Cardiologist, author, and heart health expert Dr. Sarah Samaan offers advice on how to live a heart smart life.See all posts »
Preventing Heart Disease: The Next Frontier in Cardiology
When I first began my practice of cardiology in 1994, my ten years of medical training had prepared me exceptionally well for treating heart attacks and saving lives on the front line. At that time, the emergency room was our battleground, and our fight was against the blocked coronary artery. Never mind how that blockage came to be, my mission was to get it open.
Over time, I began to realize that although treating a heart attack was exciting and usually very gratifying, preventing heart disease was the more challenging task. Despite our technological and pharmaceutical progress, cardiovascular disease kills one in three American men and women, and costs the US economy over $300 billion every year. Forty five percent of heart attacks occur in those younger than 65, and one in twenty strikes before the age of 40. Shockingly, the arteries of as many as 15 percent of teenagers show signs of cholesterol buildup.
Any medical student can rattle off the risk factors for heart disease. High blood pressure, diabetes, high cholesterol smoking, obesity, a sedentary lifestyle, and family history head the list. We’re very good at prescribing drugs for the first three, but in many cases, those conditions can be fully prevented or seriously curtailed by a heart healthy lifestyle. In fact, fully 85 percent of heart disease is preventable, and as much as 70 percent can be directly attributed to lifestyle choices.
In the early 1980’s, as I was starting my training, only about 10 percent of Americans were obese. In 2012, more than 33 percent are considered obese, and the numbers continue to rise. At the same time, one in every five kids is obese, a statistic that would have been unthinkable 20 years ago. Less than one third of us exercise regularly, and yet our daily caloric intake has increased by 200 to 300 calories over the past two decades.
The Trust for America’s Health and The Robert Wood Johnson Foundation warn that “obesity threatens America’s future.” This is not an overstatement. A major contributor to cardiovascular disease, diabetes, hypertension, high cholesterol, arthritis, lung disease, and cancer, obesity is a serious threat to both physical and financial wellbeing. Although the biochemical, physiologic, and psychological factors underlying obesity are complex, the fundamental fact is that we are eating more of the wrong things, and exercising less.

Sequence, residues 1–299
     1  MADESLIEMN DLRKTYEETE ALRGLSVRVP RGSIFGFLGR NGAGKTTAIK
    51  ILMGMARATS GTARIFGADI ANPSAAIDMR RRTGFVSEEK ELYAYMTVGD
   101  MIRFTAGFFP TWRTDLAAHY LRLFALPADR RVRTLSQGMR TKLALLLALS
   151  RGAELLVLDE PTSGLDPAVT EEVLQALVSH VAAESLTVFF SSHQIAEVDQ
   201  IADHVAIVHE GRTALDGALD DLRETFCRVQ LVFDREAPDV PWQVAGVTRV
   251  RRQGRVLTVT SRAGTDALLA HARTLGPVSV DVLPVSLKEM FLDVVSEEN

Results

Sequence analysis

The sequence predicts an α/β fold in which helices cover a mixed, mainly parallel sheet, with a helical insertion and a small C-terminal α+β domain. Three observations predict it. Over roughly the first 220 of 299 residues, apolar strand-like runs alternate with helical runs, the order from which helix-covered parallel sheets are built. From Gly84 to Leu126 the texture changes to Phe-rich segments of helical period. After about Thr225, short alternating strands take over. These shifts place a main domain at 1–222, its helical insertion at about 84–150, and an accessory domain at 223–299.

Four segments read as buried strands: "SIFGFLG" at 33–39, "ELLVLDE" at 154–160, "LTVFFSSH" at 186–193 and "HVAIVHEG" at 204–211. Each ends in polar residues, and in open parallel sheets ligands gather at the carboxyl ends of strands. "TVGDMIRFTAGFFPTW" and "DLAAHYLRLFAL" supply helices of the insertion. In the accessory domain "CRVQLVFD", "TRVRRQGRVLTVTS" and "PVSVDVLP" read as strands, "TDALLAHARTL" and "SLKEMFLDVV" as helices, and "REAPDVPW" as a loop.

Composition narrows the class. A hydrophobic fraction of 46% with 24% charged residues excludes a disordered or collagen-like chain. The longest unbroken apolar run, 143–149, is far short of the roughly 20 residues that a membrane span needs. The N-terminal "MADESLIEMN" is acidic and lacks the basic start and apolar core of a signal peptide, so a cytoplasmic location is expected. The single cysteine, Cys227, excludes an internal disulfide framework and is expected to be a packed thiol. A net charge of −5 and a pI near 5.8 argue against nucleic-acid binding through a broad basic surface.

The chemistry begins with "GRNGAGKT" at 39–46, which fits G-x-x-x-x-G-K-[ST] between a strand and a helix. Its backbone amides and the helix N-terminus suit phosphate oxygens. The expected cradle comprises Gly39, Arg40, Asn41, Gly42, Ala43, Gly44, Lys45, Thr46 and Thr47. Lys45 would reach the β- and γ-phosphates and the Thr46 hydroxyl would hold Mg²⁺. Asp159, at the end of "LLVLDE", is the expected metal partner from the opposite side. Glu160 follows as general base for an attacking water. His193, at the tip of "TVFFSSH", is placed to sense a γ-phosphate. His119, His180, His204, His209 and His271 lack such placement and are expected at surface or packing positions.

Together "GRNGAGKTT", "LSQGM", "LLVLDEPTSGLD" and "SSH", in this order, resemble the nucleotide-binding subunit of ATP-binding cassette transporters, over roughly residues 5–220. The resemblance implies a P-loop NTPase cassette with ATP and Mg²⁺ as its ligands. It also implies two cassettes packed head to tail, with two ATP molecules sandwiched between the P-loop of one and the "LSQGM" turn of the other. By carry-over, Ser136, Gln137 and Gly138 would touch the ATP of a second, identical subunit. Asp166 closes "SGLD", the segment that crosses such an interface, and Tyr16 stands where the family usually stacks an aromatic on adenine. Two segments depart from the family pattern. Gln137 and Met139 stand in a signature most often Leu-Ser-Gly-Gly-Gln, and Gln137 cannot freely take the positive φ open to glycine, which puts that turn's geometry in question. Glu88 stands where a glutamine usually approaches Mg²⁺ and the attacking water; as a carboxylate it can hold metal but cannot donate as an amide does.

Treating heart disease can be complicated, but preventing it is often quite simple. A Mediterranean diet, including plenty of fruit, green vegetables, whole grains, olive oil, nuts and fish, with little to no red meat (and wine in moderation if appropriate), may reduce heart attack risk by half compared to a typical Western diet. The diet also appears to lower the likelihood for cancer, dementia, and even erectile dysfunction. Exercising 30 minutes five days per week will lower heart attack risk by 30 percent; even 15 minutes a few days a week will make a modest difference.
It’s time that we start taking our gift of life to heart, and stop living as if we’re invulnerable. Our body suffers the consequences of the harmful choices and habits that we cultivate every day, yet with good nutrition and a lifestyle that nurtures and sustains health, there is great capacity for healing. That’s the message I share with my patients and my readers, and that’s the simple secret that will help to mitigate the looming healthcare crisis that threatens the economic well-being of our nation.
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